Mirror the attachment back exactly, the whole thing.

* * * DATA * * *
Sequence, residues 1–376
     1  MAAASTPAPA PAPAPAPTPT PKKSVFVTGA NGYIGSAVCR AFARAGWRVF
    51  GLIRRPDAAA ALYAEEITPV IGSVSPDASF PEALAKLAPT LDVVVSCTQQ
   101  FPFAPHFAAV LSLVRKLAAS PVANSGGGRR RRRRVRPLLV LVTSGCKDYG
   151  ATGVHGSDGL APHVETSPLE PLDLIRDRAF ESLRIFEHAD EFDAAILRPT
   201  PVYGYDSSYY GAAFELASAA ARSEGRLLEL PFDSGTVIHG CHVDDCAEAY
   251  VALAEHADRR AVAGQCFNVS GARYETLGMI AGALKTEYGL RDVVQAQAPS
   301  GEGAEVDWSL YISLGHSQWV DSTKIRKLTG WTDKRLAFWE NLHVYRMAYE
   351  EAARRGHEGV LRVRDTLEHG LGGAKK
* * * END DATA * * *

Sequence, residues 1–376
     1  MAAASTPAPA PAPAPAPTPT PKKSVFVTGA NGYIGSAVCR AFARAGWRVF
    51  GLIRRPDAAA ALYAEEITPV IGSVSPDASF PEALAKLAPT LDVVVSCTQQ
   101  FPFAPHFAAV LSLVRKLAAS PVANSGGGRR RRRRVRPLLV LVTSGCKDYG
   151  ATGVHGSDGL APHVETSPLE PLDLIRDRAF ESLRIFEHAD EFDAAILRPT
   201  PVYGYDSSYY GAAFELASAA ARSEGRLLEL PFDSGTVIHG CHVDDCAEAY
   251  VALAEHADRR AVAGQCFNVS GARYETLGMI AGALKTEYGL RDVVQAQAPS
   301  GEGAEVDWSL YISLGHSQWV DSTKIRKLTG WTDKRLAFWE NLHVYRMAYE
   351  EAARRGHEGV LRVRDTLEHG LGGAKK